LONDON – There are very few known copies of this biography of Queen Victoria in existence, but what makes this presentation copy rarer still, is that it is filled with corrections, crossings out and angry comments written by the Queen’s own hand.
AGNES STRICKLAND, QUEEN VICTORIA FROM HER BIRTH TO HER BRIDAL, 1840. FIRST EDITION,
PRESENTATION COPY TO QUEEN VICTORIA, SUBSEQUENTLY EXTENSIVELY ANNOTATED BY THE
QUEEN AND RETURNED TO THE AUTHOR. ESTIMATE: £10,000–15,000.
To mark the occasion of the Queen’s wedding to Prince Albert in 1840, publisher Henry Colburn commissioned Agnes Strickland, an established historian of the day, to write an account of the Queen’s life. However, when the work was duly presented to the Queen she was so irritated by the inaccuracies she found within, that she took a pen to the book, crossing sections out, annotating and correcting over 100 of its pages and adding comments such as, “not true”, “quite false” and “nonsense”. She was especially disdainful of the author’s tendency for exaggeration. A description of Princess Sophia Matilda (Victoria’s aunt) as “beautiful as an angel, and graceful as a nymph, the very beau ideal of a royal lady...” is dismissed as simply “absurd”, and Strickland's imagined childhood meetings between Albert and Victoria attracted repeated correction.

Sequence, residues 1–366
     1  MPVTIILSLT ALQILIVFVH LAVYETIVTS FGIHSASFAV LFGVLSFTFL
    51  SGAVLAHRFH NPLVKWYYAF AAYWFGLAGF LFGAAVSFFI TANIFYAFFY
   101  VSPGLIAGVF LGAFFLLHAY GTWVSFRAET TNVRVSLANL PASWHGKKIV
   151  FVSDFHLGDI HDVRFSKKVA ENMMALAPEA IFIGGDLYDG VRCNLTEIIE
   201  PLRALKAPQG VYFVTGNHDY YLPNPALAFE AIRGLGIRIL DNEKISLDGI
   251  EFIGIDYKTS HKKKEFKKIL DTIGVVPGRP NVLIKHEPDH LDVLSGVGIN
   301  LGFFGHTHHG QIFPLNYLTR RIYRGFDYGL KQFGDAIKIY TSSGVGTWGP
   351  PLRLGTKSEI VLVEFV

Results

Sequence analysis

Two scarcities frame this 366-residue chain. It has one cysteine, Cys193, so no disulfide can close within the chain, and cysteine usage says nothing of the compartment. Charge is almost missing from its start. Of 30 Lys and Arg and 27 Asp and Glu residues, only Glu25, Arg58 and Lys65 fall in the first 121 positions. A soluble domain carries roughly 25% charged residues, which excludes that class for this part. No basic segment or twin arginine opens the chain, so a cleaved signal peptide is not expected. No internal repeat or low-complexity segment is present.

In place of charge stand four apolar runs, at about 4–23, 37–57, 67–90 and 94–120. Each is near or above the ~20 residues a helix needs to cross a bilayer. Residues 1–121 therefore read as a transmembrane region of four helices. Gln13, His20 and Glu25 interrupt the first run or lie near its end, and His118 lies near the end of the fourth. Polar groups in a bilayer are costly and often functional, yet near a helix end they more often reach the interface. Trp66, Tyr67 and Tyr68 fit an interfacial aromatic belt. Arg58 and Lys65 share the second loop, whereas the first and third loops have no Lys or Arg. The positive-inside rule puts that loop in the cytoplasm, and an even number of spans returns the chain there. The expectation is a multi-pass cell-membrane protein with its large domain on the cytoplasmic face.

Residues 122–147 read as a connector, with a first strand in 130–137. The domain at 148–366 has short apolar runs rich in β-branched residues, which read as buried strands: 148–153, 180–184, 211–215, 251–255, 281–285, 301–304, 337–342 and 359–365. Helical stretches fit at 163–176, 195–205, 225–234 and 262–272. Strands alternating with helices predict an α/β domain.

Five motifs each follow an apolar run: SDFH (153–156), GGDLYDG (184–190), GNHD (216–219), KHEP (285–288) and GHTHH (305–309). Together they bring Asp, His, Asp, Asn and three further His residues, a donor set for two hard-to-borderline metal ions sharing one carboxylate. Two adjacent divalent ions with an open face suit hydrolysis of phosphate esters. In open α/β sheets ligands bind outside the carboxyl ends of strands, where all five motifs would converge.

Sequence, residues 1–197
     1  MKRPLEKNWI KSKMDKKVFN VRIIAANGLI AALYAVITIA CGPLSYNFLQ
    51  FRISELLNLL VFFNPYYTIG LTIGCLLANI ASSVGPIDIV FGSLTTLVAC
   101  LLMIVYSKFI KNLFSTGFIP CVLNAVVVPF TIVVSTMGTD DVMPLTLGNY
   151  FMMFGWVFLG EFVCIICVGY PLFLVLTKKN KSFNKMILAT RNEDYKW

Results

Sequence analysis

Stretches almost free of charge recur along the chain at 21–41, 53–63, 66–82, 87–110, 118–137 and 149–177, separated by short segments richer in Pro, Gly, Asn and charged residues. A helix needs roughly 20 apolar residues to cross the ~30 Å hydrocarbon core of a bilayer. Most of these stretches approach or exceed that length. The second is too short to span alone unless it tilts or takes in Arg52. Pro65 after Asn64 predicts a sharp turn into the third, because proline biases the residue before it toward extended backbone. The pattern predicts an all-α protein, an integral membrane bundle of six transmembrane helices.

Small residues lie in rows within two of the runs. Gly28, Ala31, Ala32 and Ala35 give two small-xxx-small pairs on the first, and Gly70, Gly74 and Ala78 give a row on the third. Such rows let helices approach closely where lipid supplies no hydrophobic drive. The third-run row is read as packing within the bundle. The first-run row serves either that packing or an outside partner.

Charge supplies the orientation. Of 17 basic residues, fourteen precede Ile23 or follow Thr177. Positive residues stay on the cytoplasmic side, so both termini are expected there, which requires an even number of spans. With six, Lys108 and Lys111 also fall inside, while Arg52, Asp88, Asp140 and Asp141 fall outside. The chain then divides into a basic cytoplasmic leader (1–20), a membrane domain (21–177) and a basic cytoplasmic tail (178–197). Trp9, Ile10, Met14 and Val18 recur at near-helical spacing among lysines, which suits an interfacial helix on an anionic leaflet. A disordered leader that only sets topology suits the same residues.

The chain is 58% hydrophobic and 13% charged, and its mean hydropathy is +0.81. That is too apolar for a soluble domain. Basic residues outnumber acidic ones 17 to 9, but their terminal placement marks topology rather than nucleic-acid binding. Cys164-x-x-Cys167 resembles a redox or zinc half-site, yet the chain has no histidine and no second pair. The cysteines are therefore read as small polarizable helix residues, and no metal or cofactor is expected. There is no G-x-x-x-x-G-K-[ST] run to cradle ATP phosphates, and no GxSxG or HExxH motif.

A SAMPLE OF THE MANY ANNOTATIONS LEFT BY QUEEN VICTORIA IN AGNES STRICKLAND’S BIOGRAPHY, QUEEN VICTORIA FROM HER BIRTH TO HER BRIDAL.
Victoria then returned the book to Agnes Strickland, who was so mortified by the offence the publication had caused that she and Colborn had the remaining copies pulped, and wherever Miss Stricland was able to, she bought and destroyed those copies already in circulation. This means this is one of the very few surviving copies.
The book remained so infamous within the royal family that in 1932, nearly 100 years later, George V contacted Strickland’s descendants with a request to read this work which had so enraged his grandmother.
It is being offered from a library of over 100 first-edition books, all containing inscriptions form their authors, collected over 40 years by an English bibliophile.